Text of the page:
Editors' Choice

Editors' Choice Awards 2020: The Best Gear of the Year

Backpacks, a sleeping pad, an ultralight jacket, and one very special organization: These are our 9 favorite things this year.

Mountainsmith Zerk 40

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The Zerk was designed in conjunction with The Hiking Viking, a Triple Crowner who clearly knows his stuff. He and Mountainsmith created a veritable backpacking control center. Buy Mountainsmith Zerk 40 Now / Read the Full Review

Rab Phantom Pull-on

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Over the last four or so years, Rab has been on top of the technical fabric world, churning out shell after category-smashing shell. That streak continues with the Phantom, which, as the lightest waterproof/breathable shell on the market, has the weight of a trashbag poncho, the rain protection of a hardshell, and yet somehow the airy feel of a softshell. Oh, and it packs down to the size of a kiwi. Buy Rab Phantom Pull-on Now / Read the Full Review

Exped
FlexMat Plus

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Closed-cell foam pads are usually longer-lasting and more affordable than inflatables. But one thing they’re usually not: luxe. With the FlexMat Plus, Exped has created a comfier, warmer foam mat without compromising the durability and price point that make them a favorite of budget-conscious hikers. Buy Exped FlexMat Plus Now / Read the Full Review

Patagonia
Capilene Cool Trail Shirt

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Synthetic hiking tees present a conundrum: You want them to perform like a tech shirt —banish sweat, prevent odor, and resist rips—but still feel like your favorite old cotton t-shirt. The new Capilene Cool Trail Shirt delivers all that. Buy Patagonia Women’s Capilene Cool Trail Shirt Now / Buy Patagonia Men’s Capilene Cool Trail Shirt Now / Read the Full Review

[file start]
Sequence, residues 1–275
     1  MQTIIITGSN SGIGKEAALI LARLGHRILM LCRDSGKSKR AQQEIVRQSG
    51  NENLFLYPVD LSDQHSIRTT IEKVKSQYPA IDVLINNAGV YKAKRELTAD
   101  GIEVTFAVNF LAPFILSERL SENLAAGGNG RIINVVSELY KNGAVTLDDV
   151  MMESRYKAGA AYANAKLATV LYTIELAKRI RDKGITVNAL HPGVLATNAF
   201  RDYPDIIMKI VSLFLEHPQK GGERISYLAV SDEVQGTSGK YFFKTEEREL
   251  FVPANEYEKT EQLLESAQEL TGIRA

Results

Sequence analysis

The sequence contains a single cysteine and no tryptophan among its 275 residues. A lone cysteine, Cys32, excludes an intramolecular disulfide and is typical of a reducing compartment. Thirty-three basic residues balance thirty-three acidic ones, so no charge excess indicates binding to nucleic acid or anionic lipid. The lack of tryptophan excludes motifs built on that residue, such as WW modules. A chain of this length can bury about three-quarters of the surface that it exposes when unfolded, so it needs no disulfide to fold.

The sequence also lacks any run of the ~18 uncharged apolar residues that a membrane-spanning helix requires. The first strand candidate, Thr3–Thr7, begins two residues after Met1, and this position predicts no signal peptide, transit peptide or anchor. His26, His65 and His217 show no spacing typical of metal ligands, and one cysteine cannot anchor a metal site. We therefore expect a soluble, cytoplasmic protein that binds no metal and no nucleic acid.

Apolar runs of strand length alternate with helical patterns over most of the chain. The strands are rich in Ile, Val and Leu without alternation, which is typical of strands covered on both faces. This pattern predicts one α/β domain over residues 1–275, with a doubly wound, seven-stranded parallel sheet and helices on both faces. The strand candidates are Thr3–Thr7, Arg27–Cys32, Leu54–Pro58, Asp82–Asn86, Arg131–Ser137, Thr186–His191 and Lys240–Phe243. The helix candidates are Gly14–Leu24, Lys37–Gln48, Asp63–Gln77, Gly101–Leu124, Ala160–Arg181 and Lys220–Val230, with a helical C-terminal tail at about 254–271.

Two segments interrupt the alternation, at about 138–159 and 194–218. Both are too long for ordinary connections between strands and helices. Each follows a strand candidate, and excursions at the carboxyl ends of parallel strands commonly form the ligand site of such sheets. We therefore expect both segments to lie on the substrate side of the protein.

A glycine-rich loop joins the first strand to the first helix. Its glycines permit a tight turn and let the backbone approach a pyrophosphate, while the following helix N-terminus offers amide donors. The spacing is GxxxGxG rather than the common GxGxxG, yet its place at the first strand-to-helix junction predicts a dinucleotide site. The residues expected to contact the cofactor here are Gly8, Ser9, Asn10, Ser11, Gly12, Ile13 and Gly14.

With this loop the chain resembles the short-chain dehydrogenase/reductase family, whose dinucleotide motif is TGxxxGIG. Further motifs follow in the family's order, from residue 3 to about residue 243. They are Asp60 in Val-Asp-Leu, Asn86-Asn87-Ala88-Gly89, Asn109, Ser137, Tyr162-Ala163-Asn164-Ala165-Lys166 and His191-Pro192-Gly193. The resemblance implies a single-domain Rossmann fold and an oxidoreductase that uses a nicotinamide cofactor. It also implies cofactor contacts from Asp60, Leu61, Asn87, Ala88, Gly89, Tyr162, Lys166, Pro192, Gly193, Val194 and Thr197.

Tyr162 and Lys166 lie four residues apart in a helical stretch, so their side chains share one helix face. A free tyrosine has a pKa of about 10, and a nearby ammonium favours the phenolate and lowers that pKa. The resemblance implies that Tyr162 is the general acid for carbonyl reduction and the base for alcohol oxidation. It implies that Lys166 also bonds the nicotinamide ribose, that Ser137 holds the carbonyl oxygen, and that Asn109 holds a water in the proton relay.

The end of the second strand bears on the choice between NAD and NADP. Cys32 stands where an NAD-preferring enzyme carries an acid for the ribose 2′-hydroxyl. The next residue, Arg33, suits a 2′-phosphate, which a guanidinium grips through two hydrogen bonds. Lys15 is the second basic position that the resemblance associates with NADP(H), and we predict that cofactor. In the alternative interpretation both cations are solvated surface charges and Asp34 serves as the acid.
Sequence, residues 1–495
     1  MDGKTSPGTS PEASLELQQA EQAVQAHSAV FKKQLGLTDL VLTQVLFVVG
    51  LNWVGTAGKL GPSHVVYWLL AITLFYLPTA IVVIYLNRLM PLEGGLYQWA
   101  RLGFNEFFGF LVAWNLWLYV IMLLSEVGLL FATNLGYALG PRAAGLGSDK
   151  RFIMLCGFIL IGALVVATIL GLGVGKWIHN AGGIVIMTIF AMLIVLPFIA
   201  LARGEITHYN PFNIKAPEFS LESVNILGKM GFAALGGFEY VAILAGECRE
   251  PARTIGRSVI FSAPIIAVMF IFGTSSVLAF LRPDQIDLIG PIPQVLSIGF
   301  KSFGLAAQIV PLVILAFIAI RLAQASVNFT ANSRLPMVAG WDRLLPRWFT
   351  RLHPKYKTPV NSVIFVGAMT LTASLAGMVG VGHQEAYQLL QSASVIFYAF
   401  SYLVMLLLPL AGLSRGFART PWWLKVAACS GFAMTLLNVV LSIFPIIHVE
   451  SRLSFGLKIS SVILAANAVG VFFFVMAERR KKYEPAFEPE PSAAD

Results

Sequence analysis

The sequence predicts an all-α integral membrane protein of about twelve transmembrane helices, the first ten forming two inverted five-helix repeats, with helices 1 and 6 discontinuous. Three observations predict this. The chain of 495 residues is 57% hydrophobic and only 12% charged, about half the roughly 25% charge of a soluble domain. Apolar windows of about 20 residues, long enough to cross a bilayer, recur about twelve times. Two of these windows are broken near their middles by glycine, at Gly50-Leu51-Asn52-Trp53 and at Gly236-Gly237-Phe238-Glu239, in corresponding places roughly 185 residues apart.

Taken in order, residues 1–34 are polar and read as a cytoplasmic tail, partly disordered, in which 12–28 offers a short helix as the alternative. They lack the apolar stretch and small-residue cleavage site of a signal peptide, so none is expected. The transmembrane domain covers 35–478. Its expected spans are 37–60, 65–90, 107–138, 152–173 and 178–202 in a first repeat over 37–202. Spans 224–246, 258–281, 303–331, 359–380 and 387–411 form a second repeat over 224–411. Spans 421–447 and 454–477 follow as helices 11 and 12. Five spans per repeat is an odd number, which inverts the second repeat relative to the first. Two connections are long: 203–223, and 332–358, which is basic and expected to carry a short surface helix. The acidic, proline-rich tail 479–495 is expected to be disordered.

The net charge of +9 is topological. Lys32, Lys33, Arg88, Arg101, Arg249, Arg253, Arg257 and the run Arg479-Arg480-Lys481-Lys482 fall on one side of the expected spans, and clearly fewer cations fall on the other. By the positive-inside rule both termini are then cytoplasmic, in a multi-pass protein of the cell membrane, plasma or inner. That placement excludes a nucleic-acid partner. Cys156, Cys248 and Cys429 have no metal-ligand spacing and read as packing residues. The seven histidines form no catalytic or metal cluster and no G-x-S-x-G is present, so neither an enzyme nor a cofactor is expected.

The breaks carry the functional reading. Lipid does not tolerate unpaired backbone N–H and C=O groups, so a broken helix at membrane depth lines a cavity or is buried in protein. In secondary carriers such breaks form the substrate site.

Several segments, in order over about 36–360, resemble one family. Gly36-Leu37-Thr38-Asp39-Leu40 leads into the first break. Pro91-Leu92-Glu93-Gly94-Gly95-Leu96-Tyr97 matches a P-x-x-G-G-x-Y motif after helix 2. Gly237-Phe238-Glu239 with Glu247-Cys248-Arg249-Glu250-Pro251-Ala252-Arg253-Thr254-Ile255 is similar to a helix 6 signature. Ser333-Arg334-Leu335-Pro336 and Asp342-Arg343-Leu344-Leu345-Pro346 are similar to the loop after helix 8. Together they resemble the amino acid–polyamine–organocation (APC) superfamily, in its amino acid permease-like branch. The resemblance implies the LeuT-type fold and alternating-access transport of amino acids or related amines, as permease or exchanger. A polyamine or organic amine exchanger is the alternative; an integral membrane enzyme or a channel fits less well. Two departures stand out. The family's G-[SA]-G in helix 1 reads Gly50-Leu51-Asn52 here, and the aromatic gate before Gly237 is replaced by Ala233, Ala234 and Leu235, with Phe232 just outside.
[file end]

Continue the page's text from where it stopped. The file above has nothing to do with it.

Gregory Paragon 48 /
Maven 45

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A great litmus test for any pack is, “Would you wholeheartedly recommend it to your best friend?”, and this one received an all-caps YES from our team. The Paragon (the Maven is the women’s version) has just the right blend of comfort, weight, features, and price, making it one of the best all-around packs we’ve ever carried on the trail. Buy Gregory Paragon 48 Now / Buy Gregory Maven 45 Now / Read the Full Review

Giorgio’s Savory Wild Portabella Jerky

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By our fourth day on the trail, we’ve usually had enough of sweet energy bars and trail mix and are craving something that doesn’t taste so, well, snacky. Enter this chewy, delicious mushroom jerky, which we used to remix the flavor profile of many a camp meal. Buy Giorgio’s Savory Wild Portabella Jerky Now / Read the Full Review 

Gold Award: MSR
Dromedary

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When MSR released the Dromedary in 1991, its purpose was clear: to be the most durable soft-sided water container on the market. Designers created it out of ultratough, 1,000-denier polyurethane that can withstand all of the potential pitfalls of the backcountry. Buy MSR Dromedary Now / Read the Full Review

Gold Award: America the Beautiful Pass

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We’re always on the lookout for a good bargain, and this might be the best of them all: $80 for a year’s worth of unlimited visits to more than 2,000 federal recreation sites, from national parks to national wildlife refuges. Buy America the Beautiful Pass Now / Read the Full Review

Green Award: Climate Neutral

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Carbon is one of the outdoor industry’s most dangerous byproducts: CO is the gas most responsible for global warming, the major climate issue of our age. But how can we fight it in a transparent, ethical manner? Enter Climate Neutral, a new nonprofit. Read the Full Review 

Like you, we routinely seek out the wildest places as the settings for our big trips. But what if evidence of past inhabitants can enhance a place, rather than detract from it? That’s the theory we tested in Utah’s Bears Ears National Monument, which counts rich indigenous history among its treasures. Walking through Arch Canyon, in the monument’s southern unit called Shash Jáa, is akin to visiting an open-air museum. As we hike, we spy centuries-old granaries and dwellings tucked into the cliffs above. We marvel at the permanence of these structures, which have stood for centuries high above this hard-scrabble terrain.

The tribes who have called this area home for generations knew how to build things that last. The desert is as harsh on people as it is on stone, making this an ideal place to put hiking gear to the test.

We don’t have centuries to test these latest crafts of humankind, of course, but our methods pack years of use into five months. Out of the hundreds of new hiking products our team has used this year, we’ve whittled the list down to the top-performing handful, with the ultimate goal of separating out the very best. The gear that emerged from this final trial excels in comfort, durability, and on-trail problem solving. We can’t guarantee it’ll last as long as the dwellings in Arch Canyon, but precious little ever does. —Eli Bernstein